CDS Looks Toward a Beautiful Future with New Show ECHO

As the show’s author and director, Mukhtar Omar Sharif Mukhtar knows all about the long and winding road that’s been travelled to make it to the première of Cirque du Soleil’s Echo.

The world-renowned Montreal-based circus’s first original production since the pandemic began is set to officially open under the blue-and-gold Cirque big top in the Old Port on Thursday. The show was originally called Under the Same Sky and was meant to open in Montreal in March 2020. We all know what happened next.

The COVID pandemic hit and everything shut down, including all live entertainment. The original writer-director was British artist Es Devlin, but even before the pandemic nixed the production, there were behind-the-scenes creative issues. Mukhktar was called in from his Las Vegas home in the spring of 2020, just before the show was cancelled.

In a phone interview last week from his apartment just a short walk from the big top, Mukhtar went out of his way to say that Echo still includes many of the creative elements Devlin brought to the table.

“The universe, the signature style of the show, had already been started on when Es Devlin was on the show,” said Mukhtar. “I wanted to get a feel for what Es Devlin wanted to say to the audience, what was her inspiring message. Then I took that and I built from that. There were a lot of good things she did in the show and we just came in and added extra layers to it, to where it is today.”

Mukhtar knows the pressure is on the Cirque with this show. It’s all part of the post-pandemic comeback for the circus, which had to close all of its shows around the world during the health crisis and was forced to seek bankruptcy protection. But the Cirque was already struggling to remain relevant nearly 40 years after it was founded by Guy Laliberté, to find ways to connect with a 21st-century audience with so many more entertainment choices.

“The Cirque is always looking for ways to connect with the audience now,” said Mukhtar. “What is the audience like now? What are audiences looking for now? (The Cirque is) trying to see what’s happening in the world but also stay a few steps ahead of it. They’re trying to set trends like they did two decades ago. That’s also why they worked with Es Devlin at the beginning. Es Devlin is at the top of her game with what she does visually. They want to push those boundaries.”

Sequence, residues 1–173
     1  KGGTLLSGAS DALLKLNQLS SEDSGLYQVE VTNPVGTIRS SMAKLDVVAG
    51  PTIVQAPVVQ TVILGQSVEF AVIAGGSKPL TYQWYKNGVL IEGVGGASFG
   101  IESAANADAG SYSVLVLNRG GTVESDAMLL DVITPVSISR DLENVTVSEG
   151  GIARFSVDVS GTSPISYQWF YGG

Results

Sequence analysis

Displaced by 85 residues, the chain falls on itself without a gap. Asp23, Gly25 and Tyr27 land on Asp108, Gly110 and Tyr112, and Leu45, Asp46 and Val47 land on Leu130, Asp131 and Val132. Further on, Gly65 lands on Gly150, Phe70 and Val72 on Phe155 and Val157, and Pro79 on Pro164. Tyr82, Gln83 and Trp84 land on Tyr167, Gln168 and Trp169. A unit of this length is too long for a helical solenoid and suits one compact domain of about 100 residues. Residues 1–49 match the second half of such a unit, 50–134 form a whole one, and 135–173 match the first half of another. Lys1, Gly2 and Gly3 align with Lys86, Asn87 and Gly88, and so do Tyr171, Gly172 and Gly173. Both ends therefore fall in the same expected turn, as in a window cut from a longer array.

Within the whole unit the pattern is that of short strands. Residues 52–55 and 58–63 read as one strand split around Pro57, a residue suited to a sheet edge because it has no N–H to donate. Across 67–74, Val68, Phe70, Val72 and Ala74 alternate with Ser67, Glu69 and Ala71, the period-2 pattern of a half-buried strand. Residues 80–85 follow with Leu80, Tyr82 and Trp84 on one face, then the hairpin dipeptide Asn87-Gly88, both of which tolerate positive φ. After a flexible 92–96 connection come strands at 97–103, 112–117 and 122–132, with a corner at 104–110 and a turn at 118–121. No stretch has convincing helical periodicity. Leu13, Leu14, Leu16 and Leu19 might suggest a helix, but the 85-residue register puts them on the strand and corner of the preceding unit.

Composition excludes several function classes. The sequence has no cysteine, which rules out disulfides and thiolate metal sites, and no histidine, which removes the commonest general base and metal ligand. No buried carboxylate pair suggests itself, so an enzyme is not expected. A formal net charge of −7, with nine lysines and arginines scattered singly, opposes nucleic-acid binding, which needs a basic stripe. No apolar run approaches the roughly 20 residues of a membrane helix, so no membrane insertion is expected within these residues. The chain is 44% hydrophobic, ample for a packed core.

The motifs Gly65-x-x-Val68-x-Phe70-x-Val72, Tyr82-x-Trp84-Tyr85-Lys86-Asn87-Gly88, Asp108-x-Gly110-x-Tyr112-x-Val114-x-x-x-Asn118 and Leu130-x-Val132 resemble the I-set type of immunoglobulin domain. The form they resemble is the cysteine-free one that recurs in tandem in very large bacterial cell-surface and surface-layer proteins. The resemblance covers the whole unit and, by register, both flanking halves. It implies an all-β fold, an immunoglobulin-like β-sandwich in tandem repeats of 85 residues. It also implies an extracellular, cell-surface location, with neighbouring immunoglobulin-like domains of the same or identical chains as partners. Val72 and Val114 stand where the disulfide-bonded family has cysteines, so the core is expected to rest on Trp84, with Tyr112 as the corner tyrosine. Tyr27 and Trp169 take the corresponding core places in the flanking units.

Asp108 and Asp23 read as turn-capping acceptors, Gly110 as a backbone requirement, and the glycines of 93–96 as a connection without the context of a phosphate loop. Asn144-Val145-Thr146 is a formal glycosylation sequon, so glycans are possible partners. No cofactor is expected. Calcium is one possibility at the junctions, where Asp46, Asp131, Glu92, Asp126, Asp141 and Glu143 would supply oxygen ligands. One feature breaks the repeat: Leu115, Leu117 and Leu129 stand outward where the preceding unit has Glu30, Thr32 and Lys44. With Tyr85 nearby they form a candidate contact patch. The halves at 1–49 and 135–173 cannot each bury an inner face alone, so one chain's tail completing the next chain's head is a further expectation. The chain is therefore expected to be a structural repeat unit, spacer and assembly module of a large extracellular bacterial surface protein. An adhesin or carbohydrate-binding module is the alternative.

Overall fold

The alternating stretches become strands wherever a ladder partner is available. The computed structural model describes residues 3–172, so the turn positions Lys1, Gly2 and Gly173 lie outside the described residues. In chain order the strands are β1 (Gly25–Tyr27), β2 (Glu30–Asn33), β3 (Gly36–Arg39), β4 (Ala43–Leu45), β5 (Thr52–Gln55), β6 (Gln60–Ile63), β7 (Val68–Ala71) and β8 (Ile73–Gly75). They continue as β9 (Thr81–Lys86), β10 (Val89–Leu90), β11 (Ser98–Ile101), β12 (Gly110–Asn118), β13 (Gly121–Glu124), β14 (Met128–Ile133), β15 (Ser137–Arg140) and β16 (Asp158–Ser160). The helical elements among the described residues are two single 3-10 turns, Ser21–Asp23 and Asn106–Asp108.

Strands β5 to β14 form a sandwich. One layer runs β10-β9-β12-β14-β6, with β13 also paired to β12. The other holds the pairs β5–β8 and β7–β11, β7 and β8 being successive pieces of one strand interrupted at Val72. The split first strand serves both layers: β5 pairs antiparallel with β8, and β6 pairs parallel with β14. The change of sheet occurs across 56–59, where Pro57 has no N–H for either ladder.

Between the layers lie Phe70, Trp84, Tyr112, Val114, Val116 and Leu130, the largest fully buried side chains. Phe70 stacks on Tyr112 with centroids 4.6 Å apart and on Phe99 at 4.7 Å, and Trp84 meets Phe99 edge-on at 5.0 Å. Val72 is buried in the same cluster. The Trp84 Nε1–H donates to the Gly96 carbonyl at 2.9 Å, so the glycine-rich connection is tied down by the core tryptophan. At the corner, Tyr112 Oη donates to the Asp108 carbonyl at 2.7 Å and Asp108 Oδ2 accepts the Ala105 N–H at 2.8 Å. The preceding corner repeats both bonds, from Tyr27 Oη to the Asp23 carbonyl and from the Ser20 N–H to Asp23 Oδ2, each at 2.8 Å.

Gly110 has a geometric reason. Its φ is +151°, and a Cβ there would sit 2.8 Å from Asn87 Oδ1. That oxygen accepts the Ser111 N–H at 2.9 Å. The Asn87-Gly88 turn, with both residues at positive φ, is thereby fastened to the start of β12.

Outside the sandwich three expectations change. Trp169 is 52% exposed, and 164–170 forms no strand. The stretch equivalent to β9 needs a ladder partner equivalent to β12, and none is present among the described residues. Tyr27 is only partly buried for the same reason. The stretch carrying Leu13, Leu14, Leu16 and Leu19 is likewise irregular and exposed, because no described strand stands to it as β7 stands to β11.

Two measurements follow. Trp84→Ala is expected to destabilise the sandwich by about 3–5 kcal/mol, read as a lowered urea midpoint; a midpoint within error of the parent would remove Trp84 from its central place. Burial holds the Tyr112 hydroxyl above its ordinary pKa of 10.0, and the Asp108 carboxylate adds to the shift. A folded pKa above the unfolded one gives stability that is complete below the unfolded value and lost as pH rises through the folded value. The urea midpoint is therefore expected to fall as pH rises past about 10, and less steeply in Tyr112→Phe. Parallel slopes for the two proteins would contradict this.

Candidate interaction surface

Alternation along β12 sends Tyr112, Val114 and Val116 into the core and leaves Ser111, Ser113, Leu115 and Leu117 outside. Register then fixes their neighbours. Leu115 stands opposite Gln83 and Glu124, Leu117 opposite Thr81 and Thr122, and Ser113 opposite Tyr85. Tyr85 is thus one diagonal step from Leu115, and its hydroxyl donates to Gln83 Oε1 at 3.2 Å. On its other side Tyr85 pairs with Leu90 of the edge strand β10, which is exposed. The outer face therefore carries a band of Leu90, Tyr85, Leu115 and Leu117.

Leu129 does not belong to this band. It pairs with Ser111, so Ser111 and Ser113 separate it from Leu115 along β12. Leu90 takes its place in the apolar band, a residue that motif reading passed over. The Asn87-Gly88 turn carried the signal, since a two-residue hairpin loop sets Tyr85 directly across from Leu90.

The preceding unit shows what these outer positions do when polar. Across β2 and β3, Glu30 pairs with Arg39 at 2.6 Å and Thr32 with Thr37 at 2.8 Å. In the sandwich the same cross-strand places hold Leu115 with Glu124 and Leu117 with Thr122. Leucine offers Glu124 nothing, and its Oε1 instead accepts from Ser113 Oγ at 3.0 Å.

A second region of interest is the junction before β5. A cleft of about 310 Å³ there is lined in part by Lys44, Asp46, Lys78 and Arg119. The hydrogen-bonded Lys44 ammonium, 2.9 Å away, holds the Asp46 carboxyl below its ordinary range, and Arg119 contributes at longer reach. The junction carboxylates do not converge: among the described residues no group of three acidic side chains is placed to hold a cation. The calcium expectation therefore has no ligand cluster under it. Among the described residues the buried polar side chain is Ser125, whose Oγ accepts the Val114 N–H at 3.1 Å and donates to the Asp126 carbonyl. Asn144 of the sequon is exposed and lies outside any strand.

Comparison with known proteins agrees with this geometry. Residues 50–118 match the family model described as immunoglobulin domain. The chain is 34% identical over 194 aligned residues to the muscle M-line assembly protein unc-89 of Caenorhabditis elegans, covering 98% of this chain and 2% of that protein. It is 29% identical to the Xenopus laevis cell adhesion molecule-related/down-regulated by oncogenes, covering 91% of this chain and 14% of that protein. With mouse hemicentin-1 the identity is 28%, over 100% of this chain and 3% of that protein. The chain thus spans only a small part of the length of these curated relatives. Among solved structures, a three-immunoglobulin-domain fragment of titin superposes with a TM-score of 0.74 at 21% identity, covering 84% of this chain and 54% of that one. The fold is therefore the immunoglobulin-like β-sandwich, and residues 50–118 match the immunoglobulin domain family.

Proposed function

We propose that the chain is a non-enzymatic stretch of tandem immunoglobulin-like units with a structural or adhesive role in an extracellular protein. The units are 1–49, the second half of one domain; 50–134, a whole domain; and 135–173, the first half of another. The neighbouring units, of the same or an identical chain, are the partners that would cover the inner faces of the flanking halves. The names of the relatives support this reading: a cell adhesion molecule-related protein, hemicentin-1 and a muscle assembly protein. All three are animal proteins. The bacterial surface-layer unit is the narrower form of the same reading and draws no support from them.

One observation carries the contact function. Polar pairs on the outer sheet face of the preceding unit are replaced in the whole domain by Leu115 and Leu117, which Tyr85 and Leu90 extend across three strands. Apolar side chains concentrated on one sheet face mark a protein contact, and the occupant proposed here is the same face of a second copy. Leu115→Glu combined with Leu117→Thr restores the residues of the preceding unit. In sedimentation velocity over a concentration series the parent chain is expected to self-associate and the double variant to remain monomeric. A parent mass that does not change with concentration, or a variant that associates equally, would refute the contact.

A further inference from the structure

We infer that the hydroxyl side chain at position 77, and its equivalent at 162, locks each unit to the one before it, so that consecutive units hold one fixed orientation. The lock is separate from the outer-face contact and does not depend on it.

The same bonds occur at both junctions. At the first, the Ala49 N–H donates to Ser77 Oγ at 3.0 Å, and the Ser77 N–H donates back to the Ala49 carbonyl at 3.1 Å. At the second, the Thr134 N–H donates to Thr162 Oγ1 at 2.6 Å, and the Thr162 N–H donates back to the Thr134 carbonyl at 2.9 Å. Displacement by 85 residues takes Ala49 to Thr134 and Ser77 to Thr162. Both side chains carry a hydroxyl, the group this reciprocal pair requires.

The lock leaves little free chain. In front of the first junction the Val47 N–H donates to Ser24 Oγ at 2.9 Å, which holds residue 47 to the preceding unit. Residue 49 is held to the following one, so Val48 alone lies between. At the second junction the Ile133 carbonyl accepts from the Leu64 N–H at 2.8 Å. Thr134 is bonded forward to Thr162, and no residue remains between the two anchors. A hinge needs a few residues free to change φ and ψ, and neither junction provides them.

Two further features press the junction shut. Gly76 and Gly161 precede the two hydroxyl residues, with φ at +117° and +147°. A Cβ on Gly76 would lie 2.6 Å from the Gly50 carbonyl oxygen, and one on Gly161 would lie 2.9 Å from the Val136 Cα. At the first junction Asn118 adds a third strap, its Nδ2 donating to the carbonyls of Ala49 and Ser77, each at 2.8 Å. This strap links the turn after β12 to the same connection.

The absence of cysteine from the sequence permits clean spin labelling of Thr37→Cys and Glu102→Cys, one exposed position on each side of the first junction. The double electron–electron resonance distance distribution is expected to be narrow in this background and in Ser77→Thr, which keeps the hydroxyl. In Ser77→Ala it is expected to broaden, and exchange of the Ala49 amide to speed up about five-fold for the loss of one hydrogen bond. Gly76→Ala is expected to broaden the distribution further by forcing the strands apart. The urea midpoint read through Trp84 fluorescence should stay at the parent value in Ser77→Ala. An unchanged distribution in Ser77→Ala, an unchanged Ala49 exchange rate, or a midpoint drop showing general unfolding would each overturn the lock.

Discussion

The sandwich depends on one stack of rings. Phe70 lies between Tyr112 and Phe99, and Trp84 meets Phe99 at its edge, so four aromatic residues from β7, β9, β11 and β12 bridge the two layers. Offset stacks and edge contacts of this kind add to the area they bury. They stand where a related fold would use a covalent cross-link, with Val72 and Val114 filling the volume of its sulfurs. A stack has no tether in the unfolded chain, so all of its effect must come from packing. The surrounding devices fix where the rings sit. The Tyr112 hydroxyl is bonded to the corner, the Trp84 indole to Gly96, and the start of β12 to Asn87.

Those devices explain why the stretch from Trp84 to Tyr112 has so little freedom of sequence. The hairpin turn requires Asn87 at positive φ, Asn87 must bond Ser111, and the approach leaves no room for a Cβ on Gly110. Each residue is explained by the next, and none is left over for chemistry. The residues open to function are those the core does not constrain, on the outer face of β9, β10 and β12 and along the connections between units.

Part of the visual design brought by Devlin is the giant two-storey cube that plays a central role in the show. Performers do their stuff on the surface of the cube and inside the cube, and it is also used for video projections.

Longtime fans need not worry, though. It’s not all newfangled concepts. There’s plenty of classic Cirque du Soleil entertainment, too.

“We definitely have high-level acrobatic performances in the show,” said Mukhtar. “We have to. It’s the Cirque’s DNA. You can’t have a Cirque show without having high-level acrobatics. But we had to approach the performances and the acrobatics and make sure they fit this universe that we’re creating. We didn’t want to bring in an act just because it was cool.”

No one goes to a Cirque show for the story, but there is always at least a semblance of a narrative and a central theme, and Echo is no exception.

“It’s more of a concept in this show,” said Mukhtar. “It’s really about coming together, rebuilding after the mistakes we’ve made, to eventually create the world we all want to live in. The world we live in right now is so fast, we all live at such a fast speed, and we roll with it. And we forget about the beautiful things that are right in front of us because of our commitment to our everyday life. And this show really looks at life from the point of view of youth. The main protagonist is Future and we see it through her eyes.”

Mukhtar is excited that his wife and their eight-year-old twin girls will be coming to town to see the show, and it means a lot to him that his daughters will be there.

“I can’t wait for them to see it, especially because the main protagonist is a young female,” he said. “It will be fun and inspirational for them to see that.”

{ SOURCE: Brendan Kelly; Montreal Gazette }